“Are there military weapons here?” one Talib asks us, standing on the second floor of the Times bureau in a room where the security manager once painted miniature soldiers. He carried a suitcase full of them out of the country as it collapsed.
Understand the Taliban Takeover in Afghanistan
Who are the Taliban? The Taliban arose in 1994 amid the turmoil that came after the withdrawal of Soviet forces from Afghanistan in 1989. They used brutal public punishments, including floggings, amputations and mass executions, to enforce their rules. Here’s more on their origin story and their record as rulers.
Who are the Taliban leaders? These are the top leaders of the Taliban, men who have spent years on the run, in hiding, in jail and dodging American drones. Little is known about them or how they plan to govern, including whether they will be as tolerant as they claim to be. One spokesman told The Times that the group wanted to forget its past, but that there would be some restrictions.
How did the Taliban gain control? See how the Taliban retook power in Afghanistan in a few months, and read about how their strategy enabled them to do so.
What happens to the women of Afghanistan? The last time the Taliban were in power, they barred women and girls from taking most jobs or going to school. Afghan women have made many gains since the Taliban were toppled, but now they fear that ground may be lost. Taliban officials are trying to reassure women that things will be different, but there are signs that, at least in some areas, they have begun to reimpose the old order.
What does their victory mean for terrorist groups? The United States invaded Afghanistan 20 years ago in response to terrorism, and many worry that Al Qaeda and other radical groups will again find safe haven there. On Aug. 26, deadly explosions outside Afghanistan’s main airport claimed by the Islamic State demonstrated that terrorists remain a threat.
How will this affect future U.S. policy in the region? Washington and the Taliban may spend years pulled between cooperation and conflict. Some of the key issues at hand include: how to cooperate against a mutual enemy, the Islamic State branch in the region, known as ISIS-K, and whether the U.S. should release $9.4 billion in Afghan government currency reserves that are frozen in the country.
No, there are no military weapons.
One Talib points to the body armor on top of a closet. “This is military, no?” he asks in near-perfect English. “Why would you need this?”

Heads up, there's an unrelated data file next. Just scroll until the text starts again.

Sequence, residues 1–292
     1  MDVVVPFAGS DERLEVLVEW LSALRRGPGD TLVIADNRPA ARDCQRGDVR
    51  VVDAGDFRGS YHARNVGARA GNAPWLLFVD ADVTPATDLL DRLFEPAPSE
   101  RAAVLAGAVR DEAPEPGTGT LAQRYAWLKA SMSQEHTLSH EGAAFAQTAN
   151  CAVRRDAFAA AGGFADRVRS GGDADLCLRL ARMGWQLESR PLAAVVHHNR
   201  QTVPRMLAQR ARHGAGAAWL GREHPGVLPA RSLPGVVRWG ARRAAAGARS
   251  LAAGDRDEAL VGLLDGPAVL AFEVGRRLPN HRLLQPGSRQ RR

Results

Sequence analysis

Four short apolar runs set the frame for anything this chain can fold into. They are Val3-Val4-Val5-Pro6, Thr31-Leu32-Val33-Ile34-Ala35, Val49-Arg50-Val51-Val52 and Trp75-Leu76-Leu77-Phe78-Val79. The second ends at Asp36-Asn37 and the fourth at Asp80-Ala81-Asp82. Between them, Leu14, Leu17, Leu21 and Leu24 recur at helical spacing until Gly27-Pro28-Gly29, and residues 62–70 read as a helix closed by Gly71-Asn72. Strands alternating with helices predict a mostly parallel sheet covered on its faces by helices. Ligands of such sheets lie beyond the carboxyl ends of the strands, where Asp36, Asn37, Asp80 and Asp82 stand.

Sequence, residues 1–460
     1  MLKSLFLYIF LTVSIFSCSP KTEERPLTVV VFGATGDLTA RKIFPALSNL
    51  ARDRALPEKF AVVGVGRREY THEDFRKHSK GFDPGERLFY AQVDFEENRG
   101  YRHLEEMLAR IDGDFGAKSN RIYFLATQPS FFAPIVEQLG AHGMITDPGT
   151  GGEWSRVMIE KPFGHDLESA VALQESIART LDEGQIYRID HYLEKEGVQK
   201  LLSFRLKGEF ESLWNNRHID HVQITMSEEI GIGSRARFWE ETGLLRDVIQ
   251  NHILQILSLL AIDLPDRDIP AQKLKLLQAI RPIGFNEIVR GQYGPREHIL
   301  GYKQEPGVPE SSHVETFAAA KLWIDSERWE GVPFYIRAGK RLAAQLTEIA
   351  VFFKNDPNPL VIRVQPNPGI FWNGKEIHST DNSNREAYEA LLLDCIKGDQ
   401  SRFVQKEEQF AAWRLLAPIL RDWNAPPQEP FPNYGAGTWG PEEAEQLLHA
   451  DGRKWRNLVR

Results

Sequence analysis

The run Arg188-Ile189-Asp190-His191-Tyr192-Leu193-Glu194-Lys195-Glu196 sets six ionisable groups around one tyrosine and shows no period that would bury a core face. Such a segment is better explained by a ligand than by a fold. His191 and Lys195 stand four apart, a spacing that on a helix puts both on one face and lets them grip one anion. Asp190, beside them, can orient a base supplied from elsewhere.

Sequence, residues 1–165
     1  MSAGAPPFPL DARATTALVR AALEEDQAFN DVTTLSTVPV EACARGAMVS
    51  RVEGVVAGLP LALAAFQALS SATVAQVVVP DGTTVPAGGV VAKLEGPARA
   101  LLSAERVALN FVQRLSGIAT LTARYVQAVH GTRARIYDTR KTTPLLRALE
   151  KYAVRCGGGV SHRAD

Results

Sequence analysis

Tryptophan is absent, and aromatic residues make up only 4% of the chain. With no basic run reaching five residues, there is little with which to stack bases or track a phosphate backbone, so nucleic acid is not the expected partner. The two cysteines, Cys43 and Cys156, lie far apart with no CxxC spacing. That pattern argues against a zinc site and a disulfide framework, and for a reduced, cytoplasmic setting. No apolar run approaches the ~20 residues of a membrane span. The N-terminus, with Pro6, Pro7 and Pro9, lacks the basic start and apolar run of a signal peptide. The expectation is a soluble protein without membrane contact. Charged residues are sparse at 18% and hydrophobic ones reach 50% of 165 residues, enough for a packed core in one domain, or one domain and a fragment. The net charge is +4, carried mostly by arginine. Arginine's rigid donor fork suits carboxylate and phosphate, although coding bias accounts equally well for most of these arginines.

We needed the body armor because we were covering the war that just ended, where people killed one another with roadside bombs and artillery and airstrikes and Kalashnikovs. His question is almost obscene, as if the violence his band of insurgents and the Western-backed Afghan government and NATO and the United States perpetrated had existed in some parallel universe.
We respond courteously because our new landlords are carrying a lot of weapons with them.
I throw away a club soda that has been sitting on the kitchen table since August. The refrigerator is rancid. The garden is overgrown.
The Taliban walk through the bureau inspecting a home and office frozen at the moment of collapse. On the bed in the room opposite mine is an open suitcase, half-packed, clothes scattered about. In the small newsroom downstairs, the white board that marked the fall of provincial capitals is still there, though in the end, the country fell apart too fast to track.
On the wall is a map of the city of Kunduz and where the Taliban front lines once were, with the insurgents held in check for a few brief weeks by the demoralized and depleted Afghan security forces before they evaporated and the city fell.
Now, in Kabul, the Taliban are driving around in the Afghan military’s trucks and Humvees and armored personnel carriers, and wearing their uniforms.
“Free cars,” one Talib had messaged me days earlierfrom the front seat of some armored S.U.V. that had belonged to a contracting company or came from an abandoned military motor pool. He then sent a picture of his rifle, also free, with its markings circled: “Property of U.S. Gov. M4 Carbine. Cal 5.56 MM W0207610.”
This is what losing a war looks like. And the Taliban are still in my bedroom.
One looks about the same age I was in that photograph on my wall where I’m standing beside a gigantic and newly unpackaged American flag, holding that rifle and grinning, because I thought then we were going to win the war or turn the tide or kill the guys who are now sifting through my wardrobe, pointing to a pair of sneakers in my closet. The very shoes were the subject of an article we wrote: “In Afghanistan, Follow the White High-Tops and You’ll Find the Taliban.”
He smiles, points and tries them on.